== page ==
Some cathedrals — with their fanciful gargoyles, detailed carvings and elaborate flourishes — are best admired for their exterior. For others, it's all about appreciating what's inside.
What makes Aachen Cathedral so special for me, despite the beauty of its imposing Gothic exterior, are the mystical elements within.
Even with all that I'd heard of Aachen Cathedral prior to our visit, I still found myself surprised by the ornate mosaics that sprawled under its dome and a Byzantine design that hinted of the Near East. As we walked the chapel's inner octagonal ring, I was struck by arches that reminded me of sites like the Moorish Great Mosque and Cathedral of Cordoba and Istanbul's Hagia Sophia.
The core of the Aachen Cathedral — the Palatine Chapel — from which the panorama was taken dates back to the end of the 8th century. Although there have been a few renovations over the centuries, the essence of this design has its origins in the era of Emperor Charlemagne, as he commissioned the building of the chapel as an extension of his palace. More than 30 German kings were crowned in this cathedral between the 10th and 16th centuries. The cathedral also served as an important stop along the “Jacob's Way” pilgrimage route that devotees walked from Germany to Santiago de Compostela, Spain in the Middle Ages.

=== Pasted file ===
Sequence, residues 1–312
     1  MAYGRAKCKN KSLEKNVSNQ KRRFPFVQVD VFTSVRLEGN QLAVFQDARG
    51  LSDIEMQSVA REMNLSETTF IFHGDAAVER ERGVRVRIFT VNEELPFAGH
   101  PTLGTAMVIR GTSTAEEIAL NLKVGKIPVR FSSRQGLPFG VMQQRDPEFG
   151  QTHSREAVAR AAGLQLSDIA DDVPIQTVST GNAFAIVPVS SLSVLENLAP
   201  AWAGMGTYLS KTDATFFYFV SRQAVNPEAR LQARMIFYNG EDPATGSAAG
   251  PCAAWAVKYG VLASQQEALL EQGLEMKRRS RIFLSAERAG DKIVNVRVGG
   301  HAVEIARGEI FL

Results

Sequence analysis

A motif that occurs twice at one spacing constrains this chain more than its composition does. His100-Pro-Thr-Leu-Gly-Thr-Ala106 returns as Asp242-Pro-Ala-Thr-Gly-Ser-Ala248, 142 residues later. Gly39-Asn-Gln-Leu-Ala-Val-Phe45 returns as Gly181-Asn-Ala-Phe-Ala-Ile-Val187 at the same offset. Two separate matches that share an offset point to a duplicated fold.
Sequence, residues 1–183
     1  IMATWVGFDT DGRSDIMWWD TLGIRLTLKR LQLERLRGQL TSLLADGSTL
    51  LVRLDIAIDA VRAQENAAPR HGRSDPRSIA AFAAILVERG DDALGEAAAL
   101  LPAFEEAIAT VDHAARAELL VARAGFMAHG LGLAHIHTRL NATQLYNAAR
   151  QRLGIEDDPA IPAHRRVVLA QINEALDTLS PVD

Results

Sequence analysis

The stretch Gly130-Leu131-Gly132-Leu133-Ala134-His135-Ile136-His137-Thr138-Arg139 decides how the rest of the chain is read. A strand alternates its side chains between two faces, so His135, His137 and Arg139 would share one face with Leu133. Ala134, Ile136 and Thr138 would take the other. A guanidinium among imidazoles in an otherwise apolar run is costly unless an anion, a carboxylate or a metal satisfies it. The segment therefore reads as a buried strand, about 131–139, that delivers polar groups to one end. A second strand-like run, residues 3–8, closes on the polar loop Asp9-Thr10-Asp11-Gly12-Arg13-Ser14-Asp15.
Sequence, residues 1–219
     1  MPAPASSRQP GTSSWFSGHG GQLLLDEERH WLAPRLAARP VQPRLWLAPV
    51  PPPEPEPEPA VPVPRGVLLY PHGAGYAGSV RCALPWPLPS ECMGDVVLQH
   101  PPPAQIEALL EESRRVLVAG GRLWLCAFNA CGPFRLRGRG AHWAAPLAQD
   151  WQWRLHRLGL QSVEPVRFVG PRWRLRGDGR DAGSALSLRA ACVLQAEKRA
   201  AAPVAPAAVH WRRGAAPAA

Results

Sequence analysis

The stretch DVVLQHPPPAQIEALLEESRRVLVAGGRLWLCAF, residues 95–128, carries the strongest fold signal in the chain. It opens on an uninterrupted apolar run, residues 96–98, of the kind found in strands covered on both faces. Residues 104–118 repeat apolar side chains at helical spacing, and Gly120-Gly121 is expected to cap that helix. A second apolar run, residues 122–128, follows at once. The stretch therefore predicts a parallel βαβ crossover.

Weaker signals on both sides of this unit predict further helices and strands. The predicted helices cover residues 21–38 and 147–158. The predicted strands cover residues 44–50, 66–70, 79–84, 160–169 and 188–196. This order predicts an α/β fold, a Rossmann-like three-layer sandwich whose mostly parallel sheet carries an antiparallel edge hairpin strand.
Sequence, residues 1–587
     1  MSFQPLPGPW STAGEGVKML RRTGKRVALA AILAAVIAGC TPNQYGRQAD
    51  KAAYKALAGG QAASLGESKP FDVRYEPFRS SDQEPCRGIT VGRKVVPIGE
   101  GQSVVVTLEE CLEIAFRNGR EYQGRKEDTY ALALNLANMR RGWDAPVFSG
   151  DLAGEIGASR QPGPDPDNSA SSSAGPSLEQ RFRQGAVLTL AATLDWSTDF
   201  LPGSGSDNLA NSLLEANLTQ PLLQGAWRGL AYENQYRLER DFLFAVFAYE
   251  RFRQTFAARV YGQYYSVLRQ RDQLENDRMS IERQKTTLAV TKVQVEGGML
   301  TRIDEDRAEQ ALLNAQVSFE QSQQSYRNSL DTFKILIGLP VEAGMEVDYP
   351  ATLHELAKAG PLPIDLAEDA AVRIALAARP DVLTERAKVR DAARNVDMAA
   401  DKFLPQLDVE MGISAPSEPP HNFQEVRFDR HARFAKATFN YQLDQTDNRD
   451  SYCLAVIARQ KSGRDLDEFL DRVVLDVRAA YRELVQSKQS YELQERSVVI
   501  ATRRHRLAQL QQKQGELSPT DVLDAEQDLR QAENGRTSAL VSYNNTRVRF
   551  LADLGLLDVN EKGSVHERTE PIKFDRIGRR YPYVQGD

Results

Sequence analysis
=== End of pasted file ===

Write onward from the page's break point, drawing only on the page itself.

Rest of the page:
The scale of history through the lens of this cathedral's past: mind-boggling.
So when you visit the Aachen Cathedral, put your camera down for a moment and simply gaze up for a long, long time. Details in the mosaics and arches will emerge the longer you look. Maybe if you close your eyes you'll imagine the stream of people — from kings to pilgrims — who shared that same space in the last 1,200 years. Although the world outside its walls has known great tumult and change, the space itself has remained a constant.